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Pleural Mesothelioma

Pleural mesothelioma is a relatively rare type of cancer that is caused by exposure to asbestos. When asbestos is inhaled, the fibers can get lodged in the pleura, or the protective tissue that lines the lungs. Asbestos particles can cause irritation and scar tissue in the pleura that can eventually turn into a malignant (cancerous) tumor.

According to data collected from 1999 to 2018 by the Centers for Disease Control and Prevention, an average of 2,566 people in the U.S. are diagnosed with pleural mesothelioma each year. At Bailey & Glasser, LLP, we understand the emotional toll that a pleural mesothelioma diagnosis has on a patient and his or her family. Our attorneys can connect you to vital resources and help secure the financial compensation that you need to move forward.

What Is Pleural Mesothelioma?

Mesothelioma is cancer of the mesothelial tissues – the membranes that encase and cushion most internal organs, including the lungs, abdominal cavity and heart. Mesothelioma is a fatal and terminal type of cancer with no known cure. The cause of mesothelioma is exposure to a naturally occurring silicate mineral known as asbestos.

Pleural mesothelioma specifically refers to cancerous tumors located in the pleura, or the lining of the lungs. It is the most commonly diagnosed type of mesothelioma. The other three types are peritoneal mesothelioma (the lining of the abdominal cavity), pericardial mesothelioma (the sac around the heart) and testicular mesothelioma (the tissue surrounding the testes).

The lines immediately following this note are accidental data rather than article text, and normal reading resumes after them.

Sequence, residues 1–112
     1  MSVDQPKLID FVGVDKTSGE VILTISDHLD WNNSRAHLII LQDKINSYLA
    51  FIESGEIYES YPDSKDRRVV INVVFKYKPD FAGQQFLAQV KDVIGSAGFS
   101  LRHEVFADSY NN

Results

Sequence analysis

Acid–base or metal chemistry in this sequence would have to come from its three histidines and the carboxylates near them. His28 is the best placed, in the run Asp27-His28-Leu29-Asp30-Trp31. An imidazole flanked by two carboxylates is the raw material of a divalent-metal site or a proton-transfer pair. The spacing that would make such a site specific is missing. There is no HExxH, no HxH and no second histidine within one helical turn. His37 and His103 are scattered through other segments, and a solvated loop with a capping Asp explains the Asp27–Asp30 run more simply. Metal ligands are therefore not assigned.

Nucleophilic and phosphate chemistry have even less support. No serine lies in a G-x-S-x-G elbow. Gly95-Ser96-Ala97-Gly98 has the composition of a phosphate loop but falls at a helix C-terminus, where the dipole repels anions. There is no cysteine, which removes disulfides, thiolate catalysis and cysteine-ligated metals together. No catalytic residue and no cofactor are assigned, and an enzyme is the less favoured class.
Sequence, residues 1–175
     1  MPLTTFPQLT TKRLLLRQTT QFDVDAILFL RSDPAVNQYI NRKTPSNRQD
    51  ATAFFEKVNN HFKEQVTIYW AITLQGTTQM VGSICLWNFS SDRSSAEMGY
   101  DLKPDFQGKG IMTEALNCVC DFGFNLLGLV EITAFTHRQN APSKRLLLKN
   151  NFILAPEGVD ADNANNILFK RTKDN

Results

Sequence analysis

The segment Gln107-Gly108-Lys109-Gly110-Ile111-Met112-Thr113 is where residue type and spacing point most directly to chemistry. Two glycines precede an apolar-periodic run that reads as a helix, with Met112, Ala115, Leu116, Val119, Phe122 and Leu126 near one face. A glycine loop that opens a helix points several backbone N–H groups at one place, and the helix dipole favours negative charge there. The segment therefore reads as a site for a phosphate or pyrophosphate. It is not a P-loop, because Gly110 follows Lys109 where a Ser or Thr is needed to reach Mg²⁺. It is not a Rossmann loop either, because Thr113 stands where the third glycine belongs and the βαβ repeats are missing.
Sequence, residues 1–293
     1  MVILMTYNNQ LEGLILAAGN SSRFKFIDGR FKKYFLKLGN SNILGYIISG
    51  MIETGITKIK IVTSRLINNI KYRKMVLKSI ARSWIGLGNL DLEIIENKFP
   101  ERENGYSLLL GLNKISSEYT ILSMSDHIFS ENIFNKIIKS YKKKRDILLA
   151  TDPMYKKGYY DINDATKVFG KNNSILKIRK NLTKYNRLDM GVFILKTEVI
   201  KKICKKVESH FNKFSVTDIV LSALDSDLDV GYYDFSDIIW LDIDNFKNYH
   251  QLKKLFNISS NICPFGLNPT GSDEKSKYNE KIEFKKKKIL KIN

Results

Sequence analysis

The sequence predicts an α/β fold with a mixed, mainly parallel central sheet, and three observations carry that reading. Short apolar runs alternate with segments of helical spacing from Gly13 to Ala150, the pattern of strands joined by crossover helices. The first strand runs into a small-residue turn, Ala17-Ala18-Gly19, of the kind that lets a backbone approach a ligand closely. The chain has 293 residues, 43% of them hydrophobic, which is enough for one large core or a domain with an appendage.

Pleural Mesothelioma Facts and Statistics

Data from the CDC shows that in 2018 (the most recent year data is available), 82.1 percent of all newly diagnosed mesothelioma cases were pleural mesothelioma. A total of 51,338 people were diagnosed with pleural mesothelioma from 1999 to 2018, equating to an average of 2,566 new cases per year.

Pleural mesothelioma can cause myriad problems with the lungs and respiratory system. The body cannot process asbestos particles or filter them out. With consistent exposure, asbestos can accumulate in the pleura, causing inflammation, a buildup of scar tissue and genetic changes to the cells over time that lead to cancer growth.